It was Eric May's senior day, but junior Melsahn Basabe stood out in a solid victory over a tenacious Cornhusker squad
I don't have much to add to Ross' fine summary of the game, but here are a few observations:
- Melsahn Basabe had a fantastic game. Against teams with bigger, stronger forwards, Basabe can disappear, but against a slower, less physically imposing squad like Nebraska, he can really wreak havoc on the offensive boards. Four offensive rebounds, 13 rebounds overall, and 5-7 shooting? That'll do.
- The defense was actually poor by Iowa standards (Ray Gallegos got free at the three-point line a few too many times), but the offense finally seemed to crack the Nebraska code. Basically, Nebraska tried to press the Hawks at the perimeter and front the post, the idea being to stop the Hawks from using their superior size inside and to prevent Brandon Ubel from drawing fouls. Iowa managed to break through that with some nice high-low plays and interior passing. Hey, and they shot better than 50% from the field for the first time in, like, forever.
- I hate to say it, but I think Nebraska got a pretty good coach in Tim Miles. His team plays really hard on defense and does some very smart things to mask their deficiencies in size and depth. You could tell that Iowa had worked on some tactics on offense to counteract what Miles was doing, but it took a lot of effort and concentration for the Hawks to score as well as they did. If Nebraska gets a little deeper and a little more talented, Miles could really turn them into a fearsome opponent.
- Aaron White had another solid game, with 19 points on 5-7 shooting and 9-9 on free throws. One thing I've noticed about White that it seems other teams also have noticed: he almost exclusively goes left off the dribble. If he could add a crossover from left to right, he could really blow by some people.
- Adam Woodbury had one of his better games on the year, going 6-6 from the field and playing his usual stout defense. I think I've figured out the biggest reason why Woodbury struggles on offense (I apologize if this is obvious): he seems to have a vertical jump of about two inches, so when he releases the ball, it's from a height of whatever his standing reach is plus two inches (okay, maybe two feet). His wingspan is 6'9" (which is very short relative to his height -- for an unfair comparison, Kevin Garnett has a 7'5" wingspan and is slightly shorter than Woodbury), so his standing reach is probably in the 8'6"-8'10" range. Considering that he goes against players with roughly similar (or better) standing reaches, and who can out-jump him, it's not surprising that he has problems getting his shot off cleanly. The standing reach won't change, but it's possible Woodbury could improve his vertical leap. Otherwise, he may have to reconsider how he scores. He's not in high school anymore, and he can't simply flip hook shots over 6'6" guys all game. If he gets a little stronger, it's possible he could work on some back-to-the-basket post moves, a la Kevin McHale, but he'll need to learn to be considerably more crafty to get his shot off unimpeded (a face-up short jumper and a faster-than-molasses pump and go move would help too). He's tall, but his reach and vertical leap make him more like a 6'8" player than a 7'1" player right now.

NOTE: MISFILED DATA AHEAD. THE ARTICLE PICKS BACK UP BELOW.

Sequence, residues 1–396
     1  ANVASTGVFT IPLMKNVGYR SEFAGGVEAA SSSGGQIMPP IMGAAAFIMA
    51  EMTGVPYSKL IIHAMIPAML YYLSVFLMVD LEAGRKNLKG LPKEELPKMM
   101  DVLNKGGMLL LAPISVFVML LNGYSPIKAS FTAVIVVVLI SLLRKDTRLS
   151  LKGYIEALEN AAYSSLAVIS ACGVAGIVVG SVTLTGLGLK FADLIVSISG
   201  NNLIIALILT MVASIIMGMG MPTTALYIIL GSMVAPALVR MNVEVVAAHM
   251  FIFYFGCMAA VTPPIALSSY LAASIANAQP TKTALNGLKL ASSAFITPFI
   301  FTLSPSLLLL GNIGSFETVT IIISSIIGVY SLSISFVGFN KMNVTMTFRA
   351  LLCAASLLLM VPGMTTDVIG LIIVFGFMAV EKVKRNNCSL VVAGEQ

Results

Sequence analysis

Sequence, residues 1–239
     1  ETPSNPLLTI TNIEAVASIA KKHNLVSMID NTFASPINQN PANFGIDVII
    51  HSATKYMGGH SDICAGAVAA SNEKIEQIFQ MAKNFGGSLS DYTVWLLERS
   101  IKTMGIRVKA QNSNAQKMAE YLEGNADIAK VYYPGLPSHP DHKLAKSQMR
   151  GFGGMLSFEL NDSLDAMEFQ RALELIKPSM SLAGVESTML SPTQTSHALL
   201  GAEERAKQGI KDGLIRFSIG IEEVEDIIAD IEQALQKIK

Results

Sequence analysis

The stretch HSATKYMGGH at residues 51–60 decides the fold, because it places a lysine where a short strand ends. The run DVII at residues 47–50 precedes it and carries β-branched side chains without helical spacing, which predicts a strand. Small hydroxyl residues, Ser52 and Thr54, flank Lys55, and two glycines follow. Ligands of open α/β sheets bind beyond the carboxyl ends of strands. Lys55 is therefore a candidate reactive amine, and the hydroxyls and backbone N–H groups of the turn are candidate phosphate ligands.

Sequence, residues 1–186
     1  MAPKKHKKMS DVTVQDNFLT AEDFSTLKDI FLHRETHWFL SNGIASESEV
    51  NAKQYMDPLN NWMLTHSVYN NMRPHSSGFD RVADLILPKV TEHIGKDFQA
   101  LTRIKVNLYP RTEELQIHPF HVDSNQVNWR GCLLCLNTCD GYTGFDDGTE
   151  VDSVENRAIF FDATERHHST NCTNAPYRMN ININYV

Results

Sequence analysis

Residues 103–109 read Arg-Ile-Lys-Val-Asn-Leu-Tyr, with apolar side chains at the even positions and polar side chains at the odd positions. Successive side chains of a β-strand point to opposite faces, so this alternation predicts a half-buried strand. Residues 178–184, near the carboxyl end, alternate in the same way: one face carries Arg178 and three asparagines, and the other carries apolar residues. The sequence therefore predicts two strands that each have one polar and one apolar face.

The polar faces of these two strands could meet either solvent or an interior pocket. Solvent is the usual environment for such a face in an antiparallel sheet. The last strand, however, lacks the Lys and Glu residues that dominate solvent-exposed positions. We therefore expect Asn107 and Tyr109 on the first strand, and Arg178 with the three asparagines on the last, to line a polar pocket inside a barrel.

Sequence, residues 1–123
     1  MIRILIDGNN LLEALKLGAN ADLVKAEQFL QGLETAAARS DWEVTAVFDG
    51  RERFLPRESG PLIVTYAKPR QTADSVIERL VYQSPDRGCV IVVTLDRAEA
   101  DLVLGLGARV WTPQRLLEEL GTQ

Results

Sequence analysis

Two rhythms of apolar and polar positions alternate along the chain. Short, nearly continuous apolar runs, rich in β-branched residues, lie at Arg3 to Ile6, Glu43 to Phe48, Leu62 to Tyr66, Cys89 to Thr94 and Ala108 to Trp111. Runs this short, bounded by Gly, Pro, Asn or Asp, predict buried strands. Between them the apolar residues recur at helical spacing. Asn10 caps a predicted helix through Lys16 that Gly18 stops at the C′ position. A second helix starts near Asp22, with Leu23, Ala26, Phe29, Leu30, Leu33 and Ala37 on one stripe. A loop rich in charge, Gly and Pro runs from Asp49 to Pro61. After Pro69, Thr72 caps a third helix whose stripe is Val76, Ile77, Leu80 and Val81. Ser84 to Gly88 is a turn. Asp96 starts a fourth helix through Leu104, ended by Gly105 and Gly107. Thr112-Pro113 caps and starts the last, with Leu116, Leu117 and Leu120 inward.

- One other thing I found in my standing reach research: Cody Zeller has an even shorter reach than Woodbury, at 6'8". One more reason to question whether he can make it in the NBA, at least as a center.
- To see the impact of a good reach + vertical jump, look no further than Gabe Olaseni. Although he's shorter than Woodbury by a few inches, he has a 7'2" wingspan and can jump much better -- both higher and more quickly. He has 11 more blocks than Woodbury this year in 184 fewer minutes, and it's because the effective radius he can cover with his arms is much wider. The two players are very different in the kind of defense they can provide -- Woodbury is better at walling up and stopping players in their tracks, Olaseni at making weak-side blocks -- but they both bring something valuable to the table.
- Iowa is still on the outside looking in with an RPI ranking of 72nd, but there is still an outside possibility they could make the tournament. The Northwestern game won't offer them very much in terms of improvement (Northwestern has an RPI of 159th in the country), but Michigan State is rather big game in RPI terms at 5th in the country, and anyone they might play further on in the bracket will probably be in the top 15 of the RPI.
- I don't want to be a broken record about it, but THIS SHOULDN'T HAVE HAPPENED. Iowa should be comfortably looking forward to a well-earned tournament bid right now, but because of our execrable non-conference scheduling, this deserving team is probably going to be stuck in the NIT. By comparison, Iowa State has a similar record to Iowa, a slightly worse Pomeroy rating, AND LOST TO IOWA, but because they have an RPI of 47th in the country, no one is doubting that they'll make the tournament. There's nothing that can be done about it now of course, so I won't harp on it anymore, but it's still irritating.
- With that said, the achievement of this team in the Big Ten is considerable. Everyone agreed at the start of the year that the Big Ten was the country's best conference, and I don't think anyone would change that assessment now (especially with the emergence of Wisconsin as a seriously good team). To go 9-9 in conference and to be just a handful of possessions away from going 11-7 or 12-8, is impressive. Kudos to the team and the coaches for a job well done.